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He cried all the way to the bank
Pat Putnam
September 21, 1970
The 11th game meant only another loss for once-mighty 'Bama, whose Bear Bryant is not fond of losing. Still, there were compensations
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September 21, 1970

He Cried All The Way To The Bank

The 11th game meant only another loss for once-mighty 'Bama, whose Bear Bryant is not fond of losing. Still, there were compensations

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Let's face it, fans, college football suddenly is no longer a game of inches. Or even of yards. Or even of, say, 100 yards. Oh, no. Now it's a game of practical multiplication, with the added variants of 1 really being 11 while 2 is 1, 3 is 2 and so on up to 11 really being 10. Got that? Well, if that confuses you, just think what it does to the poor people at Alabama and Arkansas and California and a bunch of others. They all played the new game last Saturday, the extra game, the 11th game, and wound up with defeats—and buckets of fresh money—when normally they would have been home knocking heads and getting ready for their season openers.

All this strange making a profit out of a loss began last January when "...the NCAA voted to allow each team to play an 11th game for the extra money," said Bear Bryant, who voted for the change but privately admitted that his rebuilding program at Alabama needed an extra game just a shade less than he needed a 5'3" fat flanker. Bryant and Alabama dominated the 1960s, but the storied defenses had crumbled badly the last two years. So badly, in fact, that for the fourth game last season Bryant, in desperation, turned an All-America offensive guard and a very fine second-string fullback into two very confused starting linebackers. And when your big dam of concrete turns into a very small hill of sand you don't invite a flood in for an extra whack. Not at Alabama just for money you don't. At least not now, thought Bryant, who had just begun to pour fresh concrete.

Then his phone rang. It was John McKay of USC, a close friend. McKay wasn't calling Bryant the coach, he was calling Bryant the athletic director. "Hey," said McKay, "I just got the O.K. for an 11th game. How about against you?"

"I'll have to see if I can get permission," said the athletic director, ignoring the sighs of his coach. Permission was given, and the match was made for last Saturday night in Birmingham. For the invasion USC hoped to cut $175,000 out of the purse, enough to feed an entire herd of 250-pound tackles. Financially, football multiplication works well for all. Because of the bonus, which it is hardly desperate for, the USC football department will donate $50,000 a year to a minority-groups non-athletic scholarship fund.

Last week, two days before the game, Bryant sat in his office in Tuscaloosa and viewed the coming of USC from both of his angles. "I supported an 11th game for everybody not because I thought it would help us in the immediate future. I thought it would help teams that needed the extra money now. And," he added, barely grinning, "maybe somebody could get a team on their schedule that they could beat. But then this USC game came up and I thought it was too attractive to pass up. Especially when we want good trips."

So much for the athletic director. "But it might be a little early," said the coach. "Probably a year too early. But, darn, if you get down and want to get back up you've got to play some great teams and win. Still, I wish it was next year."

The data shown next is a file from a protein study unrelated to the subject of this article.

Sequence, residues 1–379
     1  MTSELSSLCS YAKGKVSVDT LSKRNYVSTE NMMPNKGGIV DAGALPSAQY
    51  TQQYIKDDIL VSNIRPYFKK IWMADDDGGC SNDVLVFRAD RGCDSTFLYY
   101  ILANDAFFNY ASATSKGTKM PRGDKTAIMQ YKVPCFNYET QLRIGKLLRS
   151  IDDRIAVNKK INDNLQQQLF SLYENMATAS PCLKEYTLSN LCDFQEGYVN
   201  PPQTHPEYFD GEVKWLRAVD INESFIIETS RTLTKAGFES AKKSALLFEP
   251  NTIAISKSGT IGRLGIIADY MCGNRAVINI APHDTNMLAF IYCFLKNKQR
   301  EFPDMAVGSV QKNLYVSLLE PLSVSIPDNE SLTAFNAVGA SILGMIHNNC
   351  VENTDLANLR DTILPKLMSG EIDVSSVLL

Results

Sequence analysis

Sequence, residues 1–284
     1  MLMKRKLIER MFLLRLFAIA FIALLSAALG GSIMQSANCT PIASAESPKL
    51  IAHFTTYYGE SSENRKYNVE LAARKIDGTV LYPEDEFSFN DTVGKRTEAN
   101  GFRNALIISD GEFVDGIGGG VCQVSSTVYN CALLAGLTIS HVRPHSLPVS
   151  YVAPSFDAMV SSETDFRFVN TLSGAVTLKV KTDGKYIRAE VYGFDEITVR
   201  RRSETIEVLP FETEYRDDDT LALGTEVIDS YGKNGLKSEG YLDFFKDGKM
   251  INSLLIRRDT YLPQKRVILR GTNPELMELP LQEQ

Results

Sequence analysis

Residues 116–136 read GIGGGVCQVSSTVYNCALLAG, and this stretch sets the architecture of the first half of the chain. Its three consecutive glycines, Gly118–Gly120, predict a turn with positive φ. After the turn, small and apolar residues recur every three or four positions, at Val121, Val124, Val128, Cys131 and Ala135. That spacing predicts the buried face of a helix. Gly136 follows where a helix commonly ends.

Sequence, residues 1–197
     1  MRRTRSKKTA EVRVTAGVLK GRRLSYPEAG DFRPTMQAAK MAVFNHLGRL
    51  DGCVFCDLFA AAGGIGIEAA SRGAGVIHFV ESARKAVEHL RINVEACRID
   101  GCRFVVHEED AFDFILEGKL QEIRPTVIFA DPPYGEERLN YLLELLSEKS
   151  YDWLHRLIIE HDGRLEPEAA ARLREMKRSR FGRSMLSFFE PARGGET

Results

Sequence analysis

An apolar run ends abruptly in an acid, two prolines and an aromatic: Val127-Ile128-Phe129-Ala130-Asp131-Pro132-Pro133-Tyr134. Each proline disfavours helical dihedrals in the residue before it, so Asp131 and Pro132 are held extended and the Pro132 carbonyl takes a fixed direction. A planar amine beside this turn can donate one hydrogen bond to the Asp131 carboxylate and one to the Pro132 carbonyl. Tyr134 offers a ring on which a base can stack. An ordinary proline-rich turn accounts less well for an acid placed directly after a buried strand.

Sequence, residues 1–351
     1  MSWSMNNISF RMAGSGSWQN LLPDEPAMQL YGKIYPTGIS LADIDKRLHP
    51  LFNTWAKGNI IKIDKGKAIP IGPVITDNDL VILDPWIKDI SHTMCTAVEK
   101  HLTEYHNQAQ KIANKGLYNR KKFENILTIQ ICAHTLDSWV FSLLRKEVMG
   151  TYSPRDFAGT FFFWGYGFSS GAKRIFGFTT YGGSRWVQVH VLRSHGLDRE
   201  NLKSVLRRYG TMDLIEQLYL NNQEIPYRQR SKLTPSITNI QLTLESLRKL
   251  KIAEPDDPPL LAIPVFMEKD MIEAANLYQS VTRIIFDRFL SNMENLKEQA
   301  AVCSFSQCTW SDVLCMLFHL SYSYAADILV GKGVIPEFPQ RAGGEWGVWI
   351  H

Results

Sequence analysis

"Until USC came along," said Charley Thornton, the Alabama sports information director, "our opener was against Virginia Tech. We could beat them 60-0 and nobody would start pounding any drums for us to jump into the top 20. But if we beat USC...." All sports information directors are eternal optimists. If they weren't, they would be sportswriters. Or even coaches.

Saturday night a crowd of 72,175 turned out, glowing from the presence in its midst of Commander Richard Gordon, the Apollo 12 Moonnaut, Celeste Holm, the actress, and a lot of that fine old Southern beverage, bourbon. Most of the crowd shared Thornton's optimism. The feeling lasted only until McKay unleashed his seemingly endless supply of running backs and then it crumbled with Alabama's promising but young defense. The Trojans walked over them 42-21. Said Scoop Hudgins of the Southeastern Conference office: "Don't those guys ever fall down?"

They do and they did, but not until they had run for 485 yards, a lot of the yards coming after the runners had been hit once—and not a small number after they had been hit twice. They picked up more yards while falling than Alabama did rushing (32) the whole night. Six Trojans carried the ball, and each of them gained 53 yards or more. And for the night the best of them all was Sam Cunningham, a 6'3", 212-pound sophomore reserve (well, he was a reserve), who ran 12 times for 135 yards and two touchdowns. Out of 70 running plays USC managed to get past Alabama's defensive line 61% of the time. "Stop those runners and they can be beat," observed one of the state's sportswriters. Which is a little like saying, if a victim can stop the bullets he's got the firing squad whipped. USC's Jimmy Jones put the ball in the air just enough to keep Alabama's secondary honest, completing five of 15 for 68 yards and coming close enough on his misses to keep it scared.

When it was over Alabama's band stayed on to play Raindrops Keep Fall-in' on My Head. And Bryant went back to pouring his concrete with a consolation: he had helped a lot of underprivileged kids, none of them running backs, go through school at USC.

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